“Some cited salary,” Lawton said of the teachers’ reasoning for leaving. “Some referenced a return to teach in a home county [because] they’ve always wanted to teach there.”

Last school year, 10 teachers resigned after July 15, four were considered violations, according to Lawton. Eight moved to another county to teach.

Teachers can appeal to MSDE to have their certification reinstated in what Lawton described as a formal process where an arbitrator hears testimony from both the teacher and the school system, she said.

The Frederick News-Post requested a list of teachers statewide who resigned post-July 15 from MSDE Thursday. An MSDE spokesman said this inquiry would be processed as a Maryland Public Information Act request, meaning MSDE must provide information within a month.

This issue of last-minute resignations persists not only in Frederick County, Lawton said, but across the state.

In Washington County Public Schools, two of the 17 teachers who resigned after July 15 had their certifications suspended by the state, said Laura Francisco, executive director of WCPS human resources. In the previous year, 14 resigned after July 15, she said.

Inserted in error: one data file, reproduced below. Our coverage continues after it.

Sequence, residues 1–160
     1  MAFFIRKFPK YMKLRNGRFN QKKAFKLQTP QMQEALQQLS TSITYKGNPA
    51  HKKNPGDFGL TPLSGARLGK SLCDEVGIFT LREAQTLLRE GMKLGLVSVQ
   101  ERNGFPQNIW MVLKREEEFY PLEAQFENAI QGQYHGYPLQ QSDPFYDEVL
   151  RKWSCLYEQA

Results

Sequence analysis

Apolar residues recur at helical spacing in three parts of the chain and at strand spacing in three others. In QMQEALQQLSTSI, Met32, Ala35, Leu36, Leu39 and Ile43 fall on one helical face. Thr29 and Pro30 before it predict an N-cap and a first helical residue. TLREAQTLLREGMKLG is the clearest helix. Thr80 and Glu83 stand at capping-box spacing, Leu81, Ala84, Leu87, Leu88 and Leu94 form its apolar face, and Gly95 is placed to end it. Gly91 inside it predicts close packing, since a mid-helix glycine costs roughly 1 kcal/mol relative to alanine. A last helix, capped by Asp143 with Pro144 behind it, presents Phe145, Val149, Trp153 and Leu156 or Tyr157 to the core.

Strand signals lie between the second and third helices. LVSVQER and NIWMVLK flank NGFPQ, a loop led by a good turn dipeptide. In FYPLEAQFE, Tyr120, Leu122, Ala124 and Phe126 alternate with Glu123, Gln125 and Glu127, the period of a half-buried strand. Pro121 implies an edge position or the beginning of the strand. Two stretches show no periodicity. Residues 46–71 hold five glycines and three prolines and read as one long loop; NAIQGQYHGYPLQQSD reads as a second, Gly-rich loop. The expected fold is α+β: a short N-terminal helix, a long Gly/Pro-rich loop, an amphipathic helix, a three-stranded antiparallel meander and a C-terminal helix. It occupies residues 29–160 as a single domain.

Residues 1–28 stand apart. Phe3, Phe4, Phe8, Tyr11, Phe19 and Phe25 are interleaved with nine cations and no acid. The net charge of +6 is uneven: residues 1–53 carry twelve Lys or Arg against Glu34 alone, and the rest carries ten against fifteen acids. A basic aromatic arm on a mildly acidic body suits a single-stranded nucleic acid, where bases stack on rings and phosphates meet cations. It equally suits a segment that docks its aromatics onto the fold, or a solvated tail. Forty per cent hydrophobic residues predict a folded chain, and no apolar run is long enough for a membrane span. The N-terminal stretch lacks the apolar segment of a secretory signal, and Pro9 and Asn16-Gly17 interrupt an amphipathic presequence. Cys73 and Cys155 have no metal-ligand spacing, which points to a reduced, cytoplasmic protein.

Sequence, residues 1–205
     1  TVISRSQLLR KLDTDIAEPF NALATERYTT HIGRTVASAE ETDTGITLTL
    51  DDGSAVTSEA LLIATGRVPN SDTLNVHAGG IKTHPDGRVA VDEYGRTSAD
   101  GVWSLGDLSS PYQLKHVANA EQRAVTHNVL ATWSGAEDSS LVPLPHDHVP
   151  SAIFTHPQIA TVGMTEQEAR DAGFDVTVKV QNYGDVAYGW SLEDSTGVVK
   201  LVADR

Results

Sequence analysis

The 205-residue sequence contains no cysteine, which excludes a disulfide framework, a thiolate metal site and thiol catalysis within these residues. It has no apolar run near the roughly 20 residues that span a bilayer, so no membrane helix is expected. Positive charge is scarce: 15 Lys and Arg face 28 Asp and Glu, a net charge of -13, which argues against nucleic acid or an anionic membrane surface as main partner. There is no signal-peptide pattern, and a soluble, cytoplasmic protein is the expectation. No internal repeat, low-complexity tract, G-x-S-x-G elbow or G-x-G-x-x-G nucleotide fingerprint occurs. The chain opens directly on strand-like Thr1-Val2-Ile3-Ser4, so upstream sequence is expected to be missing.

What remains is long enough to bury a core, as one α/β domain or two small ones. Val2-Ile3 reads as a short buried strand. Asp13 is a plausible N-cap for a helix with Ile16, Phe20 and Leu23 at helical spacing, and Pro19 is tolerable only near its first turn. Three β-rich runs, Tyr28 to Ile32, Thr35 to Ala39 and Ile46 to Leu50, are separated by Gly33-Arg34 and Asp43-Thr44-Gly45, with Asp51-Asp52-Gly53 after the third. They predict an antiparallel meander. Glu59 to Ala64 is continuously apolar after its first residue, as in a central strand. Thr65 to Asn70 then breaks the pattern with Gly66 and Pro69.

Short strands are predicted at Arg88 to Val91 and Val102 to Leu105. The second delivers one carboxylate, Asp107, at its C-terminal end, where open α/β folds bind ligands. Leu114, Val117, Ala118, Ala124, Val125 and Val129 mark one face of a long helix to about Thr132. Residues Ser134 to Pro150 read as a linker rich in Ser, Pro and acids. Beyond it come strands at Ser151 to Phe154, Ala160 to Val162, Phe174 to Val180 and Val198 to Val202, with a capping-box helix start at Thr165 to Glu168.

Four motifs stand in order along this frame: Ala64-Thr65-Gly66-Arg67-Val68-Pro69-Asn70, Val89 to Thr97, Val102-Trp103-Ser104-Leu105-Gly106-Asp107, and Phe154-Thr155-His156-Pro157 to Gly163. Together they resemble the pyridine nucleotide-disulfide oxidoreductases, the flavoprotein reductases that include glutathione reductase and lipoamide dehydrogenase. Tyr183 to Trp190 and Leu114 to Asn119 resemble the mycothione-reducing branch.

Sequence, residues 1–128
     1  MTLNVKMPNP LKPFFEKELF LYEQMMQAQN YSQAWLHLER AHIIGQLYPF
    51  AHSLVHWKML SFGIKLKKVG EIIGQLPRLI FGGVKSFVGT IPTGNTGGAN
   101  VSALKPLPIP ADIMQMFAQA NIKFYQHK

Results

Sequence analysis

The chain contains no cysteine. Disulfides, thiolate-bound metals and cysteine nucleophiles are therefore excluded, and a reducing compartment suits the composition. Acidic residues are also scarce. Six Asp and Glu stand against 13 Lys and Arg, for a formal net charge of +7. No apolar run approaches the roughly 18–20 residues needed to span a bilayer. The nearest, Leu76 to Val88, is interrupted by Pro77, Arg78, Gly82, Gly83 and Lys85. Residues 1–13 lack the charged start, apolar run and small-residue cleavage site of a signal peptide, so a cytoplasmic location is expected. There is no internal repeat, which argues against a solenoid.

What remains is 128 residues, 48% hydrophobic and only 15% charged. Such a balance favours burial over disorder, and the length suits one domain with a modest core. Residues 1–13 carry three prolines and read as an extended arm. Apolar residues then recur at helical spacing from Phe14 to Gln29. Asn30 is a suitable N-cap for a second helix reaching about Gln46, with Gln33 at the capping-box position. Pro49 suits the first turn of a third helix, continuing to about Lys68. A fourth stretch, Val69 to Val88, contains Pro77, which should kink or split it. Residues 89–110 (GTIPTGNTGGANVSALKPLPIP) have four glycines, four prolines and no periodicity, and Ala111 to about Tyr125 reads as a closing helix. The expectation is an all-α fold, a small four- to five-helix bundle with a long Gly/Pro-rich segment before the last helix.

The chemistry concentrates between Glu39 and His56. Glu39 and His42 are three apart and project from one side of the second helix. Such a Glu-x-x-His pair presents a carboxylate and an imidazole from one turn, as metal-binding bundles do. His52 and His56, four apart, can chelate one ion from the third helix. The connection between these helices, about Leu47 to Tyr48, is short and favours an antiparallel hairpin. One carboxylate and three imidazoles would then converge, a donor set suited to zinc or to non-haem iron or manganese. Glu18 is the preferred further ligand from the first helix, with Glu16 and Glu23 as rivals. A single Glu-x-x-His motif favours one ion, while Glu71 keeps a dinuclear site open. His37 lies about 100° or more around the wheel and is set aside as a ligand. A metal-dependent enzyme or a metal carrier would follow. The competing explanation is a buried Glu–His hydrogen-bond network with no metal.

“I can say each of the people here said in their resignations letters something like, ‘While I’ve loved my time in Washington County Public Schools, this is the job I’ve always been waiting for,’” Francisco said. “At the same time, we have people leaving to come here.”

While FCPS will not consider hiring a teacher who is already under contract in another county, said Gina Keefer, FCPS senior manager for talent acquisition and management, other jurisdictions do not follow this line of thinking.

When applying to FCPS, prospective hires must check a box to indicate if they’re already under contract with another school system. If so, FCPS generally won’t consider them, Keefer said.